American Political System
Department of Political Science / Lehman College / Autumn 2011
This introductory-level course will explore the historical and theoretical foundations of the American political system, its major political institutions (Congress, the Presidency, the Bureaucracy, and the Supreme Court), and various other topics affecting political life and political behavior in America (political parties, interest groups, elections, the media, etc.). During each phase of this course we will focus on both a historical perspective as well as a clear connection to the modern state of American politics. A major focus will be on the concept of power and how it affects the processes and institutions in contemporary American politics. In examining the diverse apparatuses of power that operate within the American political system, we will look at the major social dimensions that give structure to our thoughts, experiences and actions as a result of our participation in society—including class, race, and gender. Also of particular interest for us this semester will be issues surrounding the second half of the Obama Presidency and the major policy battles that will be discussed heavily as the 2012 campaign kicks off. Over the course of the semester, we will develop a critical sense for analyzing some of the more pressing issues in contemporary American politics.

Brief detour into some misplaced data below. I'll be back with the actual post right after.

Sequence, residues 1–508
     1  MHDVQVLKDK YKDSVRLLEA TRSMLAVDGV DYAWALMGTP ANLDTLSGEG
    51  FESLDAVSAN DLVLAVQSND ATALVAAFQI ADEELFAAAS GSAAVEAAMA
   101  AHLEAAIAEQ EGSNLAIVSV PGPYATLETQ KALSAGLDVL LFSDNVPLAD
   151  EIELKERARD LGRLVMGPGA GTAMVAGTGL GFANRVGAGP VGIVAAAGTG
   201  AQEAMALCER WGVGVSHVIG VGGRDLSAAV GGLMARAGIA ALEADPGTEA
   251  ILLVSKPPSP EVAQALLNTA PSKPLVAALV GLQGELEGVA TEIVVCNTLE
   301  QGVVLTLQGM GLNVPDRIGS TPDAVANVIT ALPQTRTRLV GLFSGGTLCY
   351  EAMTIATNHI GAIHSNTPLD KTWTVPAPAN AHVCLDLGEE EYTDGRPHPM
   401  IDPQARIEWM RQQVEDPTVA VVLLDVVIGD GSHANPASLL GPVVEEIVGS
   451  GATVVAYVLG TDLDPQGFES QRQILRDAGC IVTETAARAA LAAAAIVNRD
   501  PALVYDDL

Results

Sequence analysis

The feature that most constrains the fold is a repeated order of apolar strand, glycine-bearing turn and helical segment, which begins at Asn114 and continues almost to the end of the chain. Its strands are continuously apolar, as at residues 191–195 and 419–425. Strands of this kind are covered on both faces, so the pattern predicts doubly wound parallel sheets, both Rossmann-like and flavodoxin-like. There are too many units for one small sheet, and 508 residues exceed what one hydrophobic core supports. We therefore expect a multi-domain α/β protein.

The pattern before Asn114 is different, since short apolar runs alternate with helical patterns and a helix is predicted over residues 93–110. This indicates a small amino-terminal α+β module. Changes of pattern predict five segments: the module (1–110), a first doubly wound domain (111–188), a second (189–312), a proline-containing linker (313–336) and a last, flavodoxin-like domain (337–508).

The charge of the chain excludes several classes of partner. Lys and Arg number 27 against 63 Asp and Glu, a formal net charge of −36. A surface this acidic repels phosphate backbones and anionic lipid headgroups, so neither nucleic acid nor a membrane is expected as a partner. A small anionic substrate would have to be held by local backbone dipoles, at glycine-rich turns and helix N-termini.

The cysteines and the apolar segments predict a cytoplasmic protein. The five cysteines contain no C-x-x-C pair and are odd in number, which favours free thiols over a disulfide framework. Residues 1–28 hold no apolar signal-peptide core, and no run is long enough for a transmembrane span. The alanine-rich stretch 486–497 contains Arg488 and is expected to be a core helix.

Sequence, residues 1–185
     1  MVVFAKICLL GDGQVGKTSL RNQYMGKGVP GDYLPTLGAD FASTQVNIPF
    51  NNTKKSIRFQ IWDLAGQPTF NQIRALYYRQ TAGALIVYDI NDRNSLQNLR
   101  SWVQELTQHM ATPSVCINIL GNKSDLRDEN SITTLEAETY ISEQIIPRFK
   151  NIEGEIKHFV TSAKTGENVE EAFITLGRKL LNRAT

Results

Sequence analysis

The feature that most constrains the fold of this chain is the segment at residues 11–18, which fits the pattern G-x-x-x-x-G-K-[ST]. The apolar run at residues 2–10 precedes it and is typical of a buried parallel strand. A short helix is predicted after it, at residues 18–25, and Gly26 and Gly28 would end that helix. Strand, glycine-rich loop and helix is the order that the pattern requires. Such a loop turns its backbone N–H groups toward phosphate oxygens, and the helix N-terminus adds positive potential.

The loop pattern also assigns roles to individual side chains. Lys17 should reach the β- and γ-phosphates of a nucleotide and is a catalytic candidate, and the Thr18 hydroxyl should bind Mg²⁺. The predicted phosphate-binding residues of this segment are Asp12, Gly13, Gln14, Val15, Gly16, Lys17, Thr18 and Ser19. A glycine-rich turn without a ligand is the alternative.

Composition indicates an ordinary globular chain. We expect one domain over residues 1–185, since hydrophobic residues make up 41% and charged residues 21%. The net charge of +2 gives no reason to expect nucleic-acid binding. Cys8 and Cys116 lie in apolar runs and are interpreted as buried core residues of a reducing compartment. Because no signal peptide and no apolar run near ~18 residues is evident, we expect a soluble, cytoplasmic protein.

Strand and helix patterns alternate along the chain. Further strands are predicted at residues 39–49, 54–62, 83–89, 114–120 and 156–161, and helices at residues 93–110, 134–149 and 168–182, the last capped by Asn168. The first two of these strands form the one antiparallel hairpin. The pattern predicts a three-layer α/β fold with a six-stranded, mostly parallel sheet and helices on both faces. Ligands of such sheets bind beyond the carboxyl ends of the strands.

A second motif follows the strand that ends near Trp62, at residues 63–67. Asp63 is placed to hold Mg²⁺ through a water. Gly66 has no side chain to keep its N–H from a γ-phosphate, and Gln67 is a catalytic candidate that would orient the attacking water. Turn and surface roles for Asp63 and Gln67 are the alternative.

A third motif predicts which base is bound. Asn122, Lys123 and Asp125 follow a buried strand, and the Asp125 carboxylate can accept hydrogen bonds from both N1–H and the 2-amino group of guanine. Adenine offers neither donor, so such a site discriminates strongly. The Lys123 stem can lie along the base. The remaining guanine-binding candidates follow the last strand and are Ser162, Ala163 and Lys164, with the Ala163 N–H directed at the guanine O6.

Politics of the Middle East
Department of Political Science / Brooklyn College / Spring 2011
This course aims to provide graduate students with a general introduction to the politics of the contemporary Middle East. It will be impossible to sufficiently cover the entire Middle East region in one semester. Therefore, the course is structured around the broad theme of identity and will be conducted at two levels: (1) a macro level which focuses on the Arab Middle East in general—and does not include details about Iran, Turkey, Afghanistan or Pakistan—and (2) a micro level which focuses specifically on Israel/Palestine. As we look at the development and evolution of political identities over time, we consider the Arab context generally and the specific case of Israeli and Palestinian political identities in particular. This approach will allow students to grapple in some depth with the complexities of an important part of the region and to acquire a feel for wider political issues in the contemporary Middle East.